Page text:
WASHINGTON -- A broad coalition of law enforcement officers who have spent the past three decades waging an increasingly militarized drug war that has failed to reduce drug use doesn't want to give up the fight.
Organizations that include sheriffs, narcotics officers and big-city police chiefs slammed Attorney General Eric Holder in a joint letter Friday, expressing "extreme disappointment" at his announcement that the Department of Justice would allow Colorado and Washington to implement state laws that legalized recreational marijuana for adults.
If there had been doubt about how meaningful Holder's move was, the fury reflected in the police response eliminates it. The role of law enforcement is traditionally understood to be limited to enforcing laws, but police organizations have become increasingly powerful political actors, and lashed out at Holder for not consulting sufficiently before adopting the new policy.
"It is unacceptable that the Department of Justice did not consult our organizations -- whose members will be directly impacted -- for meaningful input ahead of this important decision," the letter reads. "Our organizations were given notice just thirty minutes before the official announcement was made public and were not given the adequate forum ahead of time to express our concerns with the Department’s conclusion on this matter. Simply 'checking the box' by alerting law enforcement officials right before a decision is announced is not enough and certainly does not show an understanding of the value the Federal, state, local and tribal law enforcement partnerships bring to the Department of Justice and the public safety discussion."
The missive was signed by the Major County Sheriffs’ Association, the National Sheriffs’ Association,
the Association of State Criminal Investigative Agencies, the International Association of Chiefs of Police, the National Narcotic Officers Associations’ Coalition, the Major Cities Chiefs Police Association and the Police Executive Research Forum.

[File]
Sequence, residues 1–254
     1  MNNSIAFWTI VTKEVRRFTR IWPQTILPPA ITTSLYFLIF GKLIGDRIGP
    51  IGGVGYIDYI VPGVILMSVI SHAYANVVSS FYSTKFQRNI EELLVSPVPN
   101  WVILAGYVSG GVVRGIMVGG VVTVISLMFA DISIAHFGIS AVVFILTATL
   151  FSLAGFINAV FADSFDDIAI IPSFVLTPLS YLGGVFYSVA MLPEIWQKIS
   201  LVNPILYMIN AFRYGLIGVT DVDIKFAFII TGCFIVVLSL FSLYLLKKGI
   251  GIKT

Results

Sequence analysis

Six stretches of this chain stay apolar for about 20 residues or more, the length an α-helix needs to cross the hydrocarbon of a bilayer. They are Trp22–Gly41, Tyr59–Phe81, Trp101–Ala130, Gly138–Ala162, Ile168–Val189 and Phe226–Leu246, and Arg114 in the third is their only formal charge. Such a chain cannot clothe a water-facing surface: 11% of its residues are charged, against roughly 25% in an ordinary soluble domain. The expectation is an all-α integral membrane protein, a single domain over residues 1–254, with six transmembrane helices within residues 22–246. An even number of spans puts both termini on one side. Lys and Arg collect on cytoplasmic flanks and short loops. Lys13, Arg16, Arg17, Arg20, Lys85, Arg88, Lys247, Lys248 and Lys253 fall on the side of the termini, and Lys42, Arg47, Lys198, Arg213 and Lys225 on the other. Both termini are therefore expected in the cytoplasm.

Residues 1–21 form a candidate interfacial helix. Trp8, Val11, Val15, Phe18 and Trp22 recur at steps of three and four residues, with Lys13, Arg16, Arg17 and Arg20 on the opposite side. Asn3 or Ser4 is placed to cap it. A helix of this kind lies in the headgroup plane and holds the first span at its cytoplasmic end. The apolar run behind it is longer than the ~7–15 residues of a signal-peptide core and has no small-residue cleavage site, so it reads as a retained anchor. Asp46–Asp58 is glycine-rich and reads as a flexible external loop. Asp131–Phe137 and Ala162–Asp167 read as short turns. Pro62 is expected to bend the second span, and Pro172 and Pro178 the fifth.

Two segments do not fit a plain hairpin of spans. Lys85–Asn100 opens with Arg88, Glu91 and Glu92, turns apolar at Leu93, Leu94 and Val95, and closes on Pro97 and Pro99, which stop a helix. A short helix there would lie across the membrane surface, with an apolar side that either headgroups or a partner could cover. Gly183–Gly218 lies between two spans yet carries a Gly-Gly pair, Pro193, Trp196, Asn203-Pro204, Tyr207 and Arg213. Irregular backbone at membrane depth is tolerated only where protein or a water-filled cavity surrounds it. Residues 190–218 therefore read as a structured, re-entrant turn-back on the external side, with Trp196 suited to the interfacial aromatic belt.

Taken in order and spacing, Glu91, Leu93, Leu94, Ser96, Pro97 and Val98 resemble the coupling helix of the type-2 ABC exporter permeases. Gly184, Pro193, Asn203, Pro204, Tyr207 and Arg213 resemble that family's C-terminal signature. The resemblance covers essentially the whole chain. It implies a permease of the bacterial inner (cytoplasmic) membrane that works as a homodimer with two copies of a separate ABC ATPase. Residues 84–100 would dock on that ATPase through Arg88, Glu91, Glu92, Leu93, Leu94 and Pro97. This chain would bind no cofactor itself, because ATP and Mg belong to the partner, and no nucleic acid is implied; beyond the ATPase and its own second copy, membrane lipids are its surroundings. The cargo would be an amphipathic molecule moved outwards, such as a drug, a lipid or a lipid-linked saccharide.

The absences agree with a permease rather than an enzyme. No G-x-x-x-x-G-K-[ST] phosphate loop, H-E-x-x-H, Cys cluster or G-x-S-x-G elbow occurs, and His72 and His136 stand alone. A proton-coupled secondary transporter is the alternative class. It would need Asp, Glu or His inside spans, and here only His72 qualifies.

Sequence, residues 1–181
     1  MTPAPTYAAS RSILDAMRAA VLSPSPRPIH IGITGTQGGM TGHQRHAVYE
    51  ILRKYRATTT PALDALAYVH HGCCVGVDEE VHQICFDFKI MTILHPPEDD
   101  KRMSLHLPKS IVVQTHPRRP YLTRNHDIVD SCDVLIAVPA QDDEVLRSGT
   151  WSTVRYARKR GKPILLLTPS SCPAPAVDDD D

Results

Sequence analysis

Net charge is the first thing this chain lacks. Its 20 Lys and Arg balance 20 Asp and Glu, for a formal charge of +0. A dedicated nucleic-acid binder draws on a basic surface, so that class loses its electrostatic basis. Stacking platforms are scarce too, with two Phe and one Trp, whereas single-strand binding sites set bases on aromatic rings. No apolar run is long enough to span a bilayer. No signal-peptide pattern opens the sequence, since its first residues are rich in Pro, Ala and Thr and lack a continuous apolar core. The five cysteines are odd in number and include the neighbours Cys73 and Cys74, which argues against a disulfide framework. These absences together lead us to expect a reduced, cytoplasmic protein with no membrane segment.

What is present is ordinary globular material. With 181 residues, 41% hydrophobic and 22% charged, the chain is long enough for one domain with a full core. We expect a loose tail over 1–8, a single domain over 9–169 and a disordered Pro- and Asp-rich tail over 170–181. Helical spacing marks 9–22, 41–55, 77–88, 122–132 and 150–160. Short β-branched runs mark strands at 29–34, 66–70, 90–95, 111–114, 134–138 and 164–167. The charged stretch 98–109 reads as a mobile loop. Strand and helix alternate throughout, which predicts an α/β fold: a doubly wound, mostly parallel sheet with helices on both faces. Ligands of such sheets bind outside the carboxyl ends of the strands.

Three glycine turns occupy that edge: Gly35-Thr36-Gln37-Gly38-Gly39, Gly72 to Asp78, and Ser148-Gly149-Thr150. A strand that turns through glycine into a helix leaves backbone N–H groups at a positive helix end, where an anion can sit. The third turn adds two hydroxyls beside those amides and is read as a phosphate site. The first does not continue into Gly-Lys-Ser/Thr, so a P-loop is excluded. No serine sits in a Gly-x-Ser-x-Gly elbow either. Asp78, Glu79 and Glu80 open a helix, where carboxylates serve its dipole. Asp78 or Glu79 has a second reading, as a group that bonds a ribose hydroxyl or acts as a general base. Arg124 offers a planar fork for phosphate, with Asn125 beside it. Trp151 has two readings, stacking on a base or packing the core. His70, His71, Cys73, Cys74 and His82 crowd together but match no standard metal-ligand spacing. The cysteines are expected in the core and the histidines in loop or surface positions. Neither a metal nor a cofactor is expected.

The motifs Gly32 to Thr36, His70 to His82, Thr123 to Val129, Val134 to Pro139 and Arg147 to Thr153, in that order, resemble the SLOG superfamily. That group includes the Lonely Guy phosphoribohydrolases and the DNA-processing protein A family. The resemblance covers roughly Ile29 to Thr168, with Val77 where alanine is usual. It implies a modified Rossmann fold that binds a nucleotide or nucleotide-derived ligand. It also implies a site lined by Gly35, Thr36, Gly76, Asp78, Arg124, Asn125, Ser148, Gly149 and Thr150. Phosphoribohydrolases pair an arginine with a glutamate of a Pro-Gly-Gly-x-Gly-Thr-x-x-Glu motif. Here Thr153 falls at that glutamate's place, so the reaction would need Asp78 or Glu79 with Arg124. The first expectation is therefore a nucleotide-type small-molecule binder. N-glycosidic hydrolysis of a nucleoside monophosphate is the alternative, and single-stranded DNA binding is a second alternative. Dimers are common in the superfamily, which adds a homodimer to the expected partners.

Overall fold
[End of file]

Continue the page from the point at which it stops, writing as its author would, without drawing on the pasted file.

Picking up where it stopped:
Law enforcement, the police groups said, "becomes infinitely harder for our front-line men and women given the Department’s position."
The Justice Department declined to respond.
Local law enforcement agencies rely heavily on the drug war for funding. Police departments are often able to keep a large portion of the assets they seize during drug raids, even if charges are never brought. And federal grants for drug war operations make up a sizable portion of local law enforcement funding.
The letter warns that marijuana can cause suicidal thoughts, impairs driving and is a "gateway drug." The missive does not, however, address the failure of law enforcement generally to reduce drug use, even while tripling the number of people behind bars. Instead, the police warn that liberalizing pot laws will lead to an increase in crime.
"The decision will undoubtedly have grave unintended consequences, including a reversal of the declining crime rates that we as law enforcement practitioners have spent more than a decade maintaining," the officers write.
Worse, they warn, more states are likely to follow Washington and Colorado.
"The failure of the Department of Justice to challenge state policies that clearly contradict Federal law is both unacceptable and unprecedented. The failure of the Federal government to act in this matter is an open invitation to other states to legalize marijuana in defiance of federal law," they write.
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